Although tomatoes require a sufficient supply of water, they don’t thrive in waterlogged or excessively wet soils.
2. Ph Level
The soil PH is the measure of its acidity or alkalinity. It ranges between 0-14, where 7 is a neutral position. The ideal PH for tomatoes is between 6.0 and 6.8, making them slightly acidic or nearly neutral.
If your soil has a significant PH variation, you should do the necessary amendment. How? Through increasing it by adding ground agricultural lime, or lowering it with elemental sulfur or ammonium sulfate-containing fertilizer.
Moderately fertile soil with plenty of organic matter provides a conducive environment for tomato growing. Adding compost during preparations gives your soil a great boost.
Also, you can add an appropriate fertilizer with correct amounts of nitrogen, phosphorous, and potassium. Avoid, fertilizers with high nitrogen content because you’ll end up with bushy non-fruitful tomatoes. An ideal fertilizer should have an equal N-P-K ratio or one with a higher ‘P’ percentage than ‘N’ and ‘K’.
A soil test lays a good foundation for you to provide the necessary nutrients for your tomato soil. It reveals the nutrient content and recommends the amendments you need to make.
How Do I Prepare My Soil For Tomatoes?
You prepare your soil for tomatoes by tilling the soil and making the appropriate amendments.
Follow the actionable tips below.
- Tilling the bed/garden: Cultivate the planting ground by digging 8-10 inches deep into the soil. That helps to remove any weeds or unwanted plants. Get rid of rocks and debris and add 2-3 inches of compost. Mix it thoroughly with the top 6 inches of your garden soil. Furthermore, break large clods for smooth penetration of tomato roots.
- Cover the soil to get warm: Tomatoes do well in warm soil. Covering your planting area with a black plastic sheet helps to absorb heat from the sun and warms the ground. That prevents transplanting shock. Remove it once you plant your seedlings.
- Conduct a soil test: Testing your soil helps you to know its nutrient components, nutrient deficiency, and PH level. That way, you know what amendments you should make. Actually, the test results come with amendment recommendations.
- Make amendments: Adjust the PH level and add the needed nutrients. If the PH is higher than the 6.0-6.8 range, decrease it with sulfur, and if lower, increase it with lime. Also, you should check out for an even balance of nitrogen, phosphorus, and potassium.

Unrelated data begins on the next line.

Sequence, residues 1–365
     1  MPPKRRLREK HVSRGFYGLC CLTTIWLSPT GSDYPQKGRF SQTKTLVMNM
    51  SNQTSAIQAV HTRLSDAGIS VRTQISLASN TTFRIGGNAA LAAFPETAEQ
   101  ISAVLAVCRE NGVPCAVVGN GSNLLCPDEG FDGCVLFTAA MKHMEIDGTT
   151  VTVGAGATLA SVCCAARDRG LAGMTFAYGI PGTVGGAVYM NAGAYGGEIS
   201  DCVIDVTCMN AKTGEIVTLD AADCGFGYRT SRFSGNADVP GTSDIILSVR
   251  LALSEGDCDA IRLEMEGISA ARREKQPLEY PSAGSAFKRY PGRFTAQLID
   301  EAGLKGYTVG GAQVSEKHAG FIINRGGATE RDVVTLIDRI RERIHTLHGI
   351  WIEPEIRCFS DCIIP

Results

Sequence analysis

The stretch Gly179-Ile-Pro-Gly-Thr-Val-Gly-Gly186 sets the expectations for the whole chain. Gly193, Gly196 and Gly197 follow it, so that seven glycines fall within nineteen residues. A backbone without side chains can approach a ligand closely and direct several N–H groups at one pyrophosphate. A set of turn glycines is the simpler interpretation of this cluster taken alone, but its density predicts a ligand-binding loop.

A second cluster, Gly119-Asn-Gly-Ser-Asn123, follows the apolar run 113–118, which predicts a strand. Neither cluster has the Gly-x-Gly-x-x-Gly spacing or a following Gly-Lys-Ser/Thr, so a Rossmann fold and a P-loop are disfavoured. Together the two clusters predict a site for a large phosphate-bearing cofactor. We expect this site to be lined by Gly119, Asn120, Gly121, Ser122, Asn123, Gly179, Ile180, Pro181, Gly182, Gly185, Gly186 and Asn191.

- Add compost: Compost is organic matter in a broken-down form. It’s great for boosting your soil’s fertility and texture. Add it to your tomato planting soil for fantastic results.
How Do I Activate Super Soil?
You activate super soil by initiating the microbial process (composting). The process involves adding water to the soil and stirring it. Maintain a moist state but not soggy. Additionally, your supper soil should be wrapped up or contained throughout the composting process to prevent drying. If it dries, the process stops instantly.
What Does Epsom Salt Do For Tomatoes?
Epsom salt helps germination, cell and root development, growth, and photosynthesis, and prevents blossom-end rot of your tomatoes. All these happen in the initial stages of your plants. Towards the end of the growing season, Epsom salt keeps your tomatoes green and leafy, and also increases the yield.
Are Banana Peels Good For Tomato Plants?
Yes, banana peels are good for tomato plants. The peels are rich in potassium which is a vital macronutrient needed in the growth of your tomatoes. They also contain calcium which is excellent in blossom end rot prevention in the tomatoes.
Is Bone Meal Good For Tomato Plants?
Yes, bone meal is good for tomatoes. It’s a reliable source of organic nutrients like phosphorus, which is essential for the growth of tomatoes and other vegetable plants.
Tomatoes do well in soils with adequate nutrients, and even better if phosphorus is higher than nitrogen and potassium. Phosphorus enhances the quality of your tomato fruits.
The Super soil recipe for tomatoes entails mixing the right components of soil in the correct amounts. Some of these ingredients are readily available at home while others are commercially acquired.
The most important factors to keep in check are the soil texture, PH, and nutrient content. Hence, your soil should be ventilated, well-drained, and moisture-retaining. It should be slightly acidic, with a PH of 6.0 to 6.8. And the nutrient content should have well-balanced nitrogen, phosphorus, and potassium, among other nutrients.
With the right soil recipe, you can be sure of a healthy and plentiful tomato harvest!